James are ready to put on a benefit show to remember for the victims of the Manchester Arena bombing when they headline Liverpool's brand new Hope and Glory festival.
The two-night city centre spectacular - also featuring the likes of Razorlight, The Fratellis, Hacienda Classical, Starsailor, Ocean Colour Scene and The Lightning Seeds - is new to the North West's festival scene.
And the event, over the weekend of August 5-6, has taken on extra significance since the events of early June, when 22 people, including Blackpool mum Jane Tweddle were killed by a suicide bomber as crowds left an Ariana Grande concert.
Multi instrumentalist Saul Davies, from Saturday's headliners James, hopes the north will be united in support of those affected, with all profits from ticket sales going to charity.
He said: "I suppose everybody in their right mind wants to make sure support is given to all the people who were directly and indirectly affected by what happened.
"It keeps the response going, helps to make sure people have it in their minds.
"I don't think it particularly matters that we're seen as a Manchester band. It's not a partisan thing, this is one thing where everyone has come together.
"Liverpool, Manchester, it doesn't matter.
"One of the greatest moments I can remember was the (Happy) Mondays doing a benefit gig at the Hacienda, for the victims of Hillsborough.
"That was direct action in their own incredible, sloppy way."
Frontman Tim Booth told crowds at a gig at Castlefield in Manchester the band was keen to play its part, however small.
He said:"It's not much but we feel part of this place (Manchester) and I think people know that."
Taking place in the very centre of Liverpool, with a capacity for 12,500 fans, Hope and Glory promises to be different from the regular festival scene.
And, Saul insists the band jumped at the chance to play another North West show.
He said: "We did a brilliant gig in Liverpool in December, on the bill with the Charlatans and I think we all relished the opportunity to go back and play there again.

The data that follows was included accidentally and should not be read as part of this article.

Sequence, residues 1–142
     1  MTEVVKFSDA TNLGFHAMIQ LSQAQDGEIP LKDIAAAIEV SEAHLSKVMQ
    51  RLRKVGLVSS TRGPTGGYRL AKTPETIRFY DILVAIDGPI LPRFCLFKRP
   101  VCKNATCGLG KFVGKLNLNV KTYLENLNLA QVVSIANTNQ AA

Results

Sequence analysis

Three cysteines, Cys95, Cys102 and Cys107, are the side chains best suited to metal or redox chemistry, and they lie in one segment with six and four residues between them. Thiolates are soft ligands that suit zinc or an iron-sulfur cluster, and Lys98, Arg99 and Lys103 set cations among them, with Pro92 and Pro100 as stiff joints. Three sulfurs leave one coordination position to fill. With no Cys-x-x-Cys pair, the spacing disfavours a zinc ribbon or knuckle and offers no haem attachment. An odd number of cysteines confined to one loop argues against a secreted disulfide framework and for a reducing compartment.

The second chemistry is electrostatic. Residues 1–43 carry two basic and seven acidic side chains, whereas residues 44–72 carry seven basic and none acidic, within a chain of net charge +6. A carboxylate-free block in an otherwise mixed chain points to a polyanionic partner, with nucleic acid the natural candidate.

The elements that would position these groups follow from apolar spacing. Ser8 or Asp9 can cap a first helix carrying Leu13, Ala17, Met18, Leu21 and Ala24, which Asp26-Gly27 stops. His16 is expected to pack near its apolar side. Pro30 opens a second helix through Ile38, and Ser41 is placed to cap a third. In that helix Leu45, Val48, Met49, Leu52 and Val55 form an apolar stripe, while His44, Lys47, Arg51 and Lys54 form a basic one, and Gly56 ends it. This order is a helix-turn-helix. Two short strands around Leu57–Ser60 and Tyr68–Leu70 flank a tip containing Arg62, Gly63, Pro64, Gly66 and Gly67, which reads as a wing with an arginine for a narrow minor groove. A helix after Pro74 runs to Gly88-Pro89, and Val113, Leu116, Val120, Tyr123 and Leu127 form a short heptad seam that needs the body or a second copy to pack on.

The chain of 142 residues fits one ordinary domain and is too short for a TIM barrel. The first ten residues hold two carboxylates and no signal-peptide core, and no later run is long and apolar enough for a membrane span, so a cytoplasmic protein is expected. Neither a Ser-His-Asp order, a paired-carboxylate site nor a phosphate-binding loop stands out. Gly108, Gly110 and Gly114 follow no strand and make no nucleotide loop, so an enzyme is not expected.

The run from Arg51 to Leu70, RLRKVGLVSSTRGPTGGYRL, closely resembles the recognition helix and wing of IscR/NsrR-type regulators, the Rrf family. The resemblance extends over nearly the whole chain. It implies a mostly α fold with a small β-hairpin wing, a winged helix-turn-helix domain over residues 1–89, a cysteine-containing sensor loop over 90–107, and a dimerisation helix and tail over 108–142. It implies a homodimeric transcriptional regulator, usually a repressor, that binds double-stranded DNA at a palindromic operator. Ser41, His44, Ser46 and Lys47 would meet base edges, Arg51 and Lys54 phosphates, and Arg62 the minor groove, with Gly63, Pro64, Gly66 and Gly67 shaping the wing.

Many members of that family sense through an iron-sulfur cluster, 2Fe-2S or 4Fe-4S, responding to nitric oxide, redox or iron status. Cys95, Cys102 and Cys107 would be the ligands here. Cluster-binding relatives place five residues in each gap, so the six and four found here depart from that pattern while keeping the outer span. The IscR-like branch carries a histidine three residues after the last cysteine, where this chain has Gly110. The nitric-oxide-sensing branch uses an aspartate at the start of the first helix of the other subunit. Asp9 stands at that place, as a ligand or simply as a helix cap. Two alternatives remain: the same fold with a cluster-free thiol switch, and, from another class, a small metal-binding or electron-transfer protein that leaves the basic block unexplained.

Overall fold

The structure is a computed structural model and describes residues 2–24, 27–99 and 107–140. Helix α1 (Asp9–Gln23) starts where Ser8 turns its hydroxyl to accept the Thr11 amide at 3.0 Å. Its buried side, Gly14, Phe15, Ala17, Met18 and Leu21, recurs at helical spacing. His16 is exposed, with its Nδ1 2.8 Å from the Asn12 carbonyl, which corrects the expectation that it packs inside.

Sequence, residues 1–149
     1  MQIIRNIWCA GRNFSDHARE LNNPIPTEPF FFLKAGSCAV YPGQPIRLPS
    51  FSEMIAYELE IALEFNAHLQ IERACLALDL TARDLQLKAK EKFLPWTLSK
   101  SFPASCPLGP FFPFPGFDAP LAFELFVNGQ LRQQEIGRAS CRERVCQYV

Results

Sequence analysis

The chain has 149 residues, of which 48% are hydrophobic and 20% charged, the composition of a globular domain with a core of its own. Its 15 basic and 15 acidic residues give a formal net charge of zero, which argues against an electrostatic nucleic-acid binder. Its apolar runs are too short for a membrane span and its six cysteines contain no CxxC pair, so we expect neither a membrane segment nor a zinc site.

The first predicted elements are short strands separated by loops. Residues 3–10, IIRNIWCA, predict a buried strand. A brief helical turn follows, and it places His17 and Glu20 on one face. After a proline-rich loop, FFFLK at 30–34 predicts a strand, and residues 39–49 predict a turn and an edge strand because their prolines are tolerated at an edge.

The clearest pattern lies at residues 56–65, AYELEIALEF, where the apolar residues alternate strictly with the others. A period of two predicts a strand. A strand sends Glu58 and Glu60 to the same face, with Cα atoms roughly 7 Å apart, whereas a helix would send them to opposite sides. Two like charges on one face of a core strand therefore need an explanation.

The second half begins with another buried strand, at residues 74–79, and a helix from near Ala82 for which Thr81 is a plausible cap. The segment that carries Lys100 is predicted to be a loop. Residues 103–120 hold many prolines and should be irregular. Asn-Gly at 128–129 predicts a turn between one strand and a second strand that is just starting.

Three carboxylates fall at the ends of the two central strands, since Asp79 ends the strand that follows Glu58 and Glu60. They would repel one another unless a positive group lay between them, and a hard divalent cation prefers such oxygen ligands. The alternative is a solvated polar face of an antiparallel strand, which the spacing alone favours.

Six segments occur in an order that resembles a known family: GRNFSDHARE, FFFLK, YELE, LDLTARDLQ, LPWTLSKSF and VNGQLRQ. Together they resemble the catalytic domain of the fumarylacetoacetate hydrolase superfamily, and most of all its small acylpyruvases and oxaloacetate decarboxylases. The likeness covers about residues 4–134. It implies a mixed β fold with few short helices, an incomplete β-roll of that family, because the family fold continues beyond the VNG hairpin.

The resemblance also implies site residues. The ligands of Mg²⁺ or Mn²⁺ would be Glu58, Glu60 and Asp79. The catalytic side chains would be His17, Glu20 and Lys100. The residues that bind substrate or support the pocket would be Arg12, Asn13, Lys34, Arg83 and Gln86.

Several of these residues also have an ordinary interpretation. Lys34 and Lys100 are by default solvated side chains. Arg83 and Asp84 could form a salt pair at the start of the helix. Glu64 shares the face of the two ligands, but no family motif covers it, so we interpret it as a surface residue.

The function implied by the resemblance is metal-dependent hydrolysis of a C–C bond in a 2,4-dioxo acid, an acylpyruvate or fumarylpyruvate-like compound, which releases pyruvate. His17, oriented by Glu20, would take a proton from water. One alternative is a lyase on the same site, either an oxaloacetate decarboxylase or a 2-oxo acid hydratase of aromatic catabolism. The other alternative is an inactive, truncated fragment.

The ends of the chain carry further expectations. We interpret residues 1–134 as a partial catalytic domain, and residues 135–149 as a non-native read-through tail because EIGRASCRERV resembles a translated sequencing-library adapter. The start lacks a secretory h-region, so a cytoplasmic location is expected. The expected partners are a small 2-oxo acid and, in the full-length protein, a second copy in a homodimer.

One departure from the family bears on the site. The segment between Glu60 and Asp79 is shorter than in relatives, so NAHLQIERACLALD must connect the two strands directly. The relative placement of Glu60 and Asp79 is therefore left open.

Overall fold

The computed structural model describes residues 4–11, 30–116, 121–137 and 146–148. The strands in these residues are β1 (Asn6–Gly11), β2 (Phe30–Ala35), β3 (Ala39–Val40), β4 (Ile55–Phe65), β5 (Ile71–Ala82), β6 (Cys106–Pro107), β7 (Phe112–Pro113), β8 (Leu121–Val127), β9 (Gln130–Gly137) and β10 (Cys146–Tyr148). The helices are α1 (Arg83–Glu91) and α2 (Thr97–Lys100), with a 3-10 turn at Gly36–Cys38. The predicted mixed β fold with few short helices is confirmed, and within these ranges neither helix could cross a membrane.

"There are some incredibly vibrant cities not just Manchester but the likes of Leeds and Liverpool
"With the success of that Liverpool show we wanted to go back, to do an outdoor show.
"We played at Castlefields in Manchester the other week and that was just magic.
"This is another show right in the middle of a major city.
"When you're doing something, like that, like this festival, you feel that you are the big thing that night, you are the big event in a massive city."
Known best for hits such as Sit Down, Laid and Tomorrow, James have more than 30-years of material to choose from.
And Saul insists the bands rebellious streak means fans are always in for a fresh experience.
He said: ""Some bands will tour a set, we won't play that game - it's probably why we're not as big as we could have been, but it's just not us.
"You won't see two James shows that are the same.
"You should see the arguments in the dressing room before we go on when we're picking what we want to play.
"There's a lot to go at.
"In between the show now we're working on the 15th album, that's what we're doing now.
"And we don't mind doing new things.
"We tried out a new song in Manchester. I don't think we really knew what we were doing, we were so nervous.
"But that's James.
"I think our audiences want to be challenged, but they know they'll end up hearing something they love."
James have been playing to sell-out crowds at outdoor shows this summer and Saul is grateful to see the band's music reaching new generations.
He said: "It's still mad. We were at Kew the other week, doing a show there.
"When we played Sometimes it went mental, there were 8,000 people singing back at us.
"You just stand there and think, this is mad.
"And all the time there's fresh faces, people who are getting into the music now."
Spread over three stages Hope and Glory is on August 5 and 6 in Liverpool's St George's Quarter.
For tickets and details visit hopeandgloryfestival.co.uk